Parsing Json Dates from MVC Controller Actions in Client-Side Javascript

Recently I’ve been working on a couple of MVC projects where I was using jQuery to perform an AJAX call to a controller action which in turn returned some JSON data. This is pretty run of the mill stuff but each time I hit a problem with dates.

Dates are always a problem in development, whether it’s storing them in a database or displaying them on the screen. How do you deal with timezones and formatting between cultures? As it turns out the solution to my issue was pretty straightforward and a single line of Javascript resolved the problems.

Consider the following MVC Controller Action

public ActionResult GetJSONData(){
    return Json(new{ Id = 1, 
                     Name = 'Joe Bloggs', 
                     DateOfBirth = '21/05/1970'});
}

If you now add a JQuery AJAX call from a View like so;

$.ajax({
    url: 'Home/GetJSONData',
    method: 'GET'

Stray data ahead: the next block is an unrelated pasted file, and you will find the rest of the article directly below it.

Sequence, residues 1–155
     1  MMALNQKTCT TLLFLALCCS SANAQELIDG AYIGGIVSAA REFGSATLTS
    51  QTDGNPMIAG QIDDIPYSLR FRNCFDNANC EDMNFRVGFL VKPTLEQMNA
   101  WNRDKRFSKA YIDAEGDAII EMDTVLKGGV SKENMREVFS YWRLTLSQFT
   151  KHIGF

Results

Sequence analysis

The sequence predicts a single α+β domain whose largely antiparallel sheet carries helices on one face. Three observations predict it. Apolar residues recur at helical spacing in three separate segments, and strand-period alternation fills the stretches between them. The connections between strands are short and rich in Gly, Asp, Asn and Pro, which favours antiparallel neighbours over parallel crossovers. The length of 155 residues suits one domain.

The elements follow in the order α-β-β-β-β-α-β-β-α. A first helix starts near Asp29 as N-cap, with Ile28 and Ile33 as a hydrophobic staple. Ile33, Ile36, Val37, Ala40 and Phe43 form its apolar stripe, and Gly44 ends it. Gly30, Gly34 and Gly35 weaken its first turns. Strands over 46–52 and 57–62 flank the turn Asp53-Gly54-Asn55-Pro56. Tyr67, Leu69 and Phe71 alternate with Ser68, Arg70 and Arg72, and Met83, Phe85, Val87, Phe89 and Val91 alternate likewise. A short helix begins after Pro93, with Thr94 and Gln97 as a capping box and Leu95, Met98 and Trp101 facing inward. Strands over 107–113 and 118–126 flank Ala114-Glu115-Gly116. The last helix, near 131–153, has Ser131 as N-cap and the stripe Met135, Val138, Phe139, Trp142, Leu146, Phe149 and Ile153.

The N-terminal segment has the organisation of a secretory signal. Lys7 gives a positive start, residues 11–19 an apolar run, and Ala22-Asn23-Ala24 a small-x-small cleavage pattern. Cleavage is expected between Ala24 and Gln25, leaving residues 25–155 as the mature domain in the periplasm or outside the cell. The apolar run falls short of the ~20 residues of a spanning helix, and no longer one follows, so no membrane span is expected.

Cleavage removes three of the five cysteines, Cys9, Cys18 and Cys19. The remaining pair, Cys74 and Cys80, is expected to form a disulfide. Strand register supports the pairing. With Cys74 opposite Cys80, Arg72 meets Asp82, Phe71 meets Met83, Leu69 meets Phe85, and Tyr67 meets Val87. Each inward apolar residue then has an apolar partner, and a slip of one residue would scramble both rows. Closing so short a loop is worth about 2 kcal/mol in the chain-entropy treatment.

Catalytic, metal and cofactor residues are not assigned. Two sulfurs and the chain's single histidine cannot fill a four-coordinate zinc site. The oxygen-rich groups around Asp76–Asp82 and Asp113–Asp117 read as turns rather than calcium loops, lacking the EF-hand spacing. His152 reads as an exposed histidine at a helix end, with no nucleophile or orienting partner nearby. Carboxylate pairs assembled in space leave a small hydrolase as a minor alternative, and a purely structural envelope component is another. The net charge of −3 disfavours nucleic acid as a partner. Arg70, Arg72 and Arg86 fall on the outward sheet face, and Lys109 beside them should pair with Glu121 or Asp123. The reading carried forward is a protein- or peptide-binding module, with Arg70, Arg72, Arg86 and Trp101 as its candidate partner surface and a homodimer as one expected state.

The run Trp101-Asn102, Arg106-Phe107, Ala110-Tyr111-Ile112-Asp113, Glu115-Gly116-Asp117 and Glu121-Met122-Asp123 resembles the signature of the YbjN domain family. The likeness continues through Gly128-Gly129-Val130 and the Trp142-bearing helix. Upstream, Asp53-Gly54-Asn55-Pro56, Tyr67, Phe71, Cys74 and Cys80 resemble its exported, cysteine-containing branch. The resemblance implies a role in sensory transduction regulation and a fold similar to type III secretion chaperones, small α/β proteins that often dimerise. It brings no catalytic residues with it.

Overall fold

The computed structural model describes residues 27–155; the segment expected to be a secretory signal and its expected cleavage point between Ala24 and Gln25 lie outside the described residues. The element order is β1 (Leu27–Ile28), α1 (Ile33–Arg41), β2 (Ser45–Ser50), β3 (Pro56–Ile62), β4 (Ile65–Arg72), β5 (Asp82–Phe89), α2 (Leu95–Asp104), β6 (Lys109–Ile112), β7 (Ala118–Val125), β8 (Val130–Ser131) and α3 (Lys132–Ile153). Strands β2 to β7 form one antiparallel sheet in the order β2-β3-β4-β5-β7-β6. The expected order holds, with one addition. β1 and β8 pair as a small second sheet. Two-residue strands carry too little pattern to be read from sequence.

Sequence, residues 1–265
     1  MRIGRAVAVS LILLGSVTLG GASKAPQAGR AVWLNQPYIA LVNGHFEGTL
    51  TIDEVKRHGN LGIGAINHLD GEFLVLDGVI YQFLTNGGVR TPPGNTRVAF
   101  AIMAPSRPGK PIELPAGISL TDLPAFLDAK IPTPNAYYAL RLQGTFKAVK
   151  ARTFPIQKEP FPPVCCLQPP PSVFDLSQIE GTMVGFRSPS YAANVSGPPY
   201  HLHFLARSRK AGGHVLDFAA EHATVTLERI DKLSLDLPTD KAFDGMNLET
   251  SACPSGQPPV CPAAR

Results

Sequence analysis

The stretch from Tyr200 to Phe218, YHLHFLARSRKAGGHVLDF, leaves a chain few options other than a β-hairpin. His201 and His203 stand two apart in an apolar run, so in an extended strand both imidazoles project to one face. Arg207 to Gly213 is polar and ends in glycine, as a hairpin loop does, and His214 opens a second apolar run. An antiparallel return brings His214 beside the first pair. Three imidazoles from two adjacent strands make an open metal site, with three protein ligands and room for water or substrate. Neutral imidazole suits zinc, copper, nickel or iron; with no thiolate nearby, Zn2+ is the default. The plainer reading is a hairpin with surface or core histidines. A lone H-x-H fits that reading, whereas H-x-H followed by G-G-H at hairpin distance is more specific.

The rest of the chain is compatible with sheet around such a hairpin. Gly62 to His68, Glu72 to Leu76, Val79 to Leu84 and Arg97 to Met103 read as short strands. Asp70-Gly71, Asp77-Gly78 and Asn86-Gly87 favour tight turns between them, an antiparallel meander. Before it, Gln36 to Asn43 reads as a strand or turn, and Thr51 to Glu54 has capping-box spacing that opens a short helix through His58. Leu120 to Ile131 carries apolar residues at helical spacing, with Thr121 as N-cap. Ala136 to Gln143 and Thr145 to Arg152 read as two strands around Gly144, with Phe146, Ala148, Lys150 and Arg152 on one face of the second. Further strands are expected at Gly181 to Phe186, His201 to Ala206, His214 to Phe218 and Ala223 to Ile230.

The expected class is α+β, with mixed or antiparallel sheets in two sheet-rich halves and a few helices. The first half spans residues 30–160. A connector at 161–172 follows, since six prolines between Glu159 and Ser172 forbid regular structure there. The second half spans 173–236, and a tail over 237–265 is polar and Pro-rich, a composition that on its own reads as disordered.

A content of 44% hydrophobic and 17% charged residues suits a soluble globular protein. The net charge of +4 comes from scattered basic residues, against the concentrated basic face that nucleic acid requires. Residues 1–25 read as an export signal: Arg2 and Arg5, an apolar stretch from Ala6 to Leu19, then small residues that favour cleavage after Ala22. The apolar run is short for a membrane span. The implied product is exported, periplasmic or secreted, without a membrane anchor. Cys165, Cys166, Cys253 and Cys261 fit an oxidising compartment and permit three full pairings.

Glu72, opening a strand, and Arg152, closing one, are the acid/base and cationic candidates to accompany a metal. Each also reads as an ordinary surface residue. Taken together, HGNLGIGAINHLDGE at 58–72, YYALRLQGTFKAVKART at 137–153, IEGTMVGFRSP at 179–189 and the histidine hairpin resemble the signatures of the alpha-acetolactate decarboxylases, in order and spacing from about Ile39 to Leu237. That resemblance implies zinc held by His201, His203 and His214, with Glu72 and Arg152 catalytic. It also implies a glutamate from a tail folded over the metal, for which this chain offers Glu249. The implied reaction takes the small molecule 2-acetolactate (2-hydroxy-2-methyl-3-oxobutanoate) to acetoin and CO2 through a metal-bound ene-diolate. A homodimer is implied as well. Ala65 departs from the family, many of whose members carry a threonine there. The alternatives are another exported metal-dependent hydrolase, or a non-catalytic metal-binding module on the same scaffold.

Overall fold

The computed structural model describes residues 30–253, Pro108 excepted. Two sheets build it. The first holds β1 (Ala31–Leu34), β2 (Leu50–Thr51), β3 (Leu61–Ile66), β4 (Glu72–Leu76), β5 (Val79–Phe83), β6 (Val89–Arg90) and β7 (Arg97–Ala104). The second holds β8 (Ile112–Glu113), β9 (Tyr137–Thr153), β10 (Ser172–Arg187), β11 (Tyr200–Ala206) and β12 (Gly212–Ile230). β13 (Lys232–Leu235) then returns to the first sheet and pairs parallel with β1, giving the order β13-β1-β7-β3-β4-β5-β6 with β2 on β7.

}).success(function (data) {
    .
    .
    $('#dateOfBirth).text(data.DateOfBirth);
});

You may expect the DateOfBirth value to be displayed as defined in the controller action but it will instead be displayed as “/Date(1423124521)/”

You’ll probably recognise that as a UNIX epoch Timestamp value and you’ll know that Javascript has a built-in function to convert it to a Date object – but what’s the best/easiest way to actually get the value out of the JSON data, i.e. remove the surrounding text?

I looked at Regular Expressions and string manipulations etc but in the end I settled on this;

var dateOfBirth = 
    new Date(parseInt(data.DateOfBirth.substr(6)));

The ‘trick’ (if that’s the right word here) is the parsing of the string to an Int while only removing the leading text – the trailing characters, “)/”, are ignored by the conversion and a corresponding Date object is created.

Of course, stripping off the trailing characters would certainly have been possible but that looked quite ugly in comparison. This single line of code does the job so there is no need to complicate the process and degrade readability/maintainability.